But this impact goes beyond the well-known baggy shorts and black socks. It goes beyond their self-expressiveness and exuberance on the court. It goes beyond sports circles entirely. The Fab Five were part of a movement that unashamedly brought urban African-American culture to the center of American athletic culture. They sparked then, and continue to prompt today, urgently needed discussions of race and racism in American society. As symbols of cultural innovation and a courageous stand for diversity, the Fab Five and the banners associated with them represent the best that Michigan can be.
To many, I know, the banners represent a scandal in which the ideal of amateur athletics and the reputation of the University were sullied. For some, this may be sufficient reason to keep them out of sight.
For me, on the contrary, it’s an additional reason to put them back up. As a reminder of this scandal, and of the larger, still unresolved issues of the place of money in college athletics and of the place of athletics in higher education, restoring the banners shows that Michigan is unafraid of a candid discussion of these issues, including frankly confronting its own participation in the multi-million-dollar business. To imagine that hiding the banners away in the Bentley somehow signifies that Michigan is immune to the influence of big business in college athletics seems to me at best naïve. But more importantly, it does a disservice to all in the University community who wish to examine these issues forthrightly and to learn from the examination.
Lastly, the banners represent our past — a complex past both inspiring and troubling. In having such a past, the University is no different from any of us, the individuals comprising it. We may feel the impulse to turn our backs on aspects of our past that trouble us. But an important part of the process of maturing with integrity, as individuals, as a community and as a society, involves opening ourselves to that past. Restoring the banners sets an example for members of the Michigan community and, indeed, for other universities and social institutions in general, that the best way to move forward is by fearlessly incorporating an understanding of that past into the present as we orient ourselves toward the future.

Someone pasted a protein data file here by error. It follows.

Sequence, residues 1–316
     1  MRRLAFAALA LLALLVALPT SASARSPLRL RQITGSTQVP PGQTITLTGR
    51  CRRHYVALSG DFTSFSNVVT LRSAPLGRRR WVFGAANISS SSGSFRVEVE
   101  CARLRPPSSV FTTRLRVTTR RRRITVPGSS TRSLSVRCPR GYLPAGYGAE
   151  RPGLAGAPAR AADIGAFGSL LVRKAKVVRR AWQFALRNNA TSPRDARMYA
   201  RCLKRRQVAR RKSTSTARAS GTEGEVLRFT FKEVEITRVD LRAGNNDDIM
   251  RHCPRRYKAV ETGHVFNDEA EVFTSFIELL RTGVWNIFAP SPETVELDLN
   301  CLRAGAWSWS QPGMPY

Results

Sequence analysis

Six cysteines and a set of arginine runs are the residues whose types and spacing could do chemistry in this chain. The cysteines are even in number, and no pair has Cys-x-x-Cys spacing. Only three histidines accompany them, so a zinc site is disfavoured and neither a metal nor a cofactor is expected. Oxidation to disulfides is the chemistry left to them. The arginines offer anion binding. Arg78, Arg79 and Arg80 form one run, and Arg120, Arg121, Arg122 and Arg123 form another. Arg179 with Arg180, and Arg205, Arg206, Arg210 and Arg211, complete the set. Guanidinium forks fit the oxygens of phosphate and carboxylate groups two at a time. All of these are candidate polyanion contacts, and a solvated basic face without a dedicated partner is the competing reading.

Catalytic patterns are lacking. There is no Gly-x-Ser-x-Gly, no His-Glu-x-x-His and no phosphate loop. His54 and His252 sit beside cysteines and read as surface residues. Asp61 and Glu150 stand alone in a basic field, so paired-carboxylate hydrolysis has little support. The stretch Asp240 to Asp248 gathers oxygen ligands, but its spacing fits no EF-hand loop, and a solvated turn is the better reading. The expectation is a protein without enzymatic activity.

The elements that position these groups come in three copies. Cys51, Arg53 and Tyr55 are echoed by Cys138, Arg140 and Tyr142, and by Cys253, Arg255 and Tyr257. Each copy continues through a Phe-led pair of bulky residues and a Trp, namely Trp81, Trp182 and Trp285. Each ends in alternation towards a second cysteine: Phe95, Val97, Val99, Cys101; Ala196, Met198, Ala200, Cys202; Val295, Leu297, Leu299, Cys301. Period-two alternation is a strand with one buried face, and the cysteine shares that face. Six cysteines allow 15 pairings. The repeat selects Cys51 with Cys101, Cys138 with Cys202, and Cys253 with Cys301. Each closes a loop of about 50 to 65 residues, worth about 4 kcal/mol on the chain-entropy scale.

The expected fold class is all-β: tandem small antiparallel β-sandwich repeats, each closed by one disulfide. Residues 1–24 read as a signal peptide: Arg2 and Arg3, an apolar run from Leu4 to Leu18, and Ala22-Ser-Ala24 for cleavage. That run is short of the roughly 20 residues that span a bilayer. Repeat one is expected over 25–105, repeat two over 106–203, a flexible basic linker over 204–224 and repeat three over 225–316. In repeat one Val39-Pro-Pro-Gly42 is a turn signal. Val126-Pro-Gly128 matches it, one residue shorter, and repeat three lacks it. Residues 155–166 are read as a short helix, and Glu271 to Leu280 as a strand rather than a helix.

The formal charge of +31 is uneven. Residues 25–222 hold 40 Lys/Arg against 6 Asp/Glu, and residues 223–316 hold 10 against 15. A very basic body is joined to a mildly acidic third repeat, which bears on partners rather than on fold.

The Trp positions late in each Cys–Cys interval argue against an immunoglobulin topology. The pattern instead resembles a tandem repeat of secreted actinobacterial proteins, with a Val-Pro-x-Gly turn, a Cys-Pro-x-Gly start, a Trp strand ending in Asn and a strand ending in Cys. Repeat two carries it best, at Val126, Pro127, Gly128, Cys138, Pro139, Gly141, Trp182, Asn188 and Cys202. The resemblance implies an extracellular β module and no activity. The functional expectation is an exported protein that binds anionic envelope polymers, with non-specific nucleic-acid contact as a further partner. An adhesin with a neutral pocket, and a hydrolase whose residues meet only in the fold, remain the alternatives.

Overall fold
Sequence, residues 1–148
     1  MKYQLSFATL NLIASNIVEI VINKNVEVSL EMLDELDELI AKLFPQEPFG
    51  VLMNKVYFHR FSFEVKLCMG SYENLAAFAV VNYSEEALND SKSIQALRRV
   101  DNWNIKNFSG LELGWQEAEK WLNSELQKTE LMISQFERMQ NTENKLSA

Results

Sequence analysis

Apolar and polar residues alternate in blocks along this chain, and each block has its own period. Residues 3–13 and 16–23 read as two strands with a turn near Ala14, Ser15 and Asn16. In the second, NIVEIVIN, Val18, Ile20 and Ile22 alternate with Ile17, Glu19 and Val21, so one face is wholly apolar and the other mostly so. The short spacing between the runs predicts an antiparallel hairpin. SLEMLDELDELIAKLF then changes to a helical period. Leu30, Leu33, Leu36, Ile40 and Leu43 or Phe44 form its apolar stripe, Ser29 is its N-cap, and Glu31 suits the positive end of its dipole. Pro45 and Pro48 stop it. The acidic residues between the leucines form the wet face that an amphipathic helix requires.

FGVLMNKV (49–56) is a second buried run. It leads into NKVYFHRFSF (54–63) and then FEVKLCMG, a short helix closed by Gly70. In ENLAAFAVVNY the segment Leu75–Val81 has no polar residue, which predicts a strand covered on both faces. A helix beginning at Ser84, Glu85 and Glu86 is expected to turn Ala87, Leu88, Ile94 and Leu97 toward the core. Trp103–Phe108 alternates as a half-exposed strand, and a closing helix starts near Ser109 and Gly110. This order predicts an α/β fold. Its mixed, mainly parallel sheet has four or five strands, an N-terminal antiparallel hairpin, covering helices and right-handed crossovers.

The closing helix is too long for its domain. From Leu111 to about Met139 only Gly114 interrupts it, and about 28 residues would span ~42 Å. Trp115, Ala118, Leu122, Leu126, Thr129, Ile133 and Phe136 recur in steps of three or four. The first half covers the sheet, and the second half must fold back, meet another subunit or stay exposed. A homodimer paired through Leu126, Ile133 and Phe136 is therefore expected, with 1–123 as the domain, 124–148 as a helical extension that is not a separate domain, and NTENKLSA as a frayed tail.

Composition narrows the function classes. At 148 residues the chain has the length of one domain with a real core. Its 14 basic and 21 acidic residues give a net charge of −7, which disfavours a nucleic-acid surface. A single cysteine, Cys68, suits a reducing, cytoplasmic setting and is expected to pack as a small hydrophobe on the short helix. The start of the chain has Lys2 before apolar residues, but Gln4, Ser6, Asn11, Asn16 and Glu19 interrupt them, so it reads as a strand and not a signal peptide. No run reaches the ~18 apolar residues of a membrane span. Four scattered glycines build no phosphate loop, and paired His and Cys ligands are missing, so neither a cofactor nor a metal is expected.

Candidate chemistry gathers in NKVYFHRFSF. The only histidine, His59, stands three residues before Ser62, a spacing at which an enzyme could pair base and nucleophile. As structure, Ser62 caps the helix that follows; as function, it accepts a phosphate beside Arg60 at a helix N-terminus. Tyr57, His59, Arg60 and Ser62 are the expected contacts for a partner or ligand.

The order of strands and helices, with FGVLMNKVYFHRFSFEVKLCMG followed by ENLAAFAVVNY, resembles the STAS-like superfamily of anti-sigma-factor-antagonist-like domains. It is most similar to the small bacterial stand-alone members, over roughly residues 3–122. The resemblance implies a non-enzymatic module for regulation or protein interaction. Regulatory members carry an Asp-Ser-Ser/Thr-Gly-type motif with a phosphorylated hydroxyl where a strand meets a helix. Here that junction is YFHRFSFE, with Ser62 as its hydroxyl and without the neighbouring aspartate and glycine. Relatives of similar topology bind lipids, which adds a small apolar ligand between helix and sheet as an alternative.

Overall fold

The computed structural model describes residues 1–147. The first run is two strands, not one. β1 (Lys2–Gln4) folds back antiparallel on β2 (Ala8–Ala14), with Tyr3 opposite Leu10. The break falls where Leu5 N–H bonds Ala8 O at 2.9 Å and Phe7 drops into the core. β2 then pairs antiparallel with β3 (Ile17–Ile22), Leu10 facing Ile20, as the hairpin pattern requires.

Thus, I currently believe the University should restore the banners to Crisler. I feel even more strongly that any decision on the fate of the banners should be preceded by a public discussion in the University community.
Whatever else it may stand for, the University certainly must stand for the free exchange of ideas on matters of importance to its students, faculty, staff, alumni and administrators. This is what I try to exemplify for and encourage in my students. The banners offer our community an important opportunity to discuss publicly, and educate one another on such issues as the ethics of amateur athletics in the University, race and racism and how we relate to troublesome aspects of our shared history.
Perhaps the result of such a discussion will be that the University community decides to keep the banners where they are. But a free and public discussion of the banners, I believe, is the only fitting way for the University to honor its core values and thus move forward with integrity
I respectfully call on President Coleman, Athletic Director Dave Brandon and all interested members of the Michigan family to undertake such a discussion.
Yago Colás is associate professor of Comparative Literature.